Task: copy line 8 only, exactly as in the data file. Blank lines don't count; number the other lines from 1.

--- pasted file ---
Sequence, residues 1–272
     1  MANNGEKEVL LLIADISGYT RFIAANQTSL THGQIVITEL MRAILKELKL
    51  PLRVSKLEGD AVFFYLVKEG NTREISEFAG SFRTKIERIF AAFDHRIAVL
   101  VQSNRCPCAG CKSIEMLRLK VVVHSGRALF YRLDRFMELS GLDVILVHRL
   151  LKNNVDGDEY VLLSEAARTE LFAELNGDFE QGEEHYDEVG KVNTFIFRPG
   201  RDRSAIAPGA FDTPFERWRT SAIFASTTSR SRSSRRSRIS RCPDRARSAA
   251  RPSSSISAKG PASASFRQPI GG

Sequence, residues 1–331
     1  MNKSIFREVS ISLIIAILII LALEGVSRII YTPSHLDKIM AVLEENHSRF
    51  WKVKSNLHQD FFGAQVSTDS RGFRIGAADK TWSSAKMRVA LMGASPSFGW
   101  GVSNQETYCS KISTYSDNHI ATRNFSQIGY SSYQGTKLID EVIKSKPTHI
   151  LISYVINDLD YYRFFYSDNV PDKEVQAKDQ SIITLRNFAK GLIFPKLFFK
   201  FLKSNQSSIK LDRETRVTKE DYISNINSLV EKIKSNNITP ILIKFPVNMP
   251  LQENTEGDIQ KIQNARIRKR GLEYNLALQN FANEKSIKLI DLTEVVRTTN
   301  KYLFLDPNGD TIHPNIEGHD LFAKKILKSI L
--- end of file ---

Sequence, residues 1–331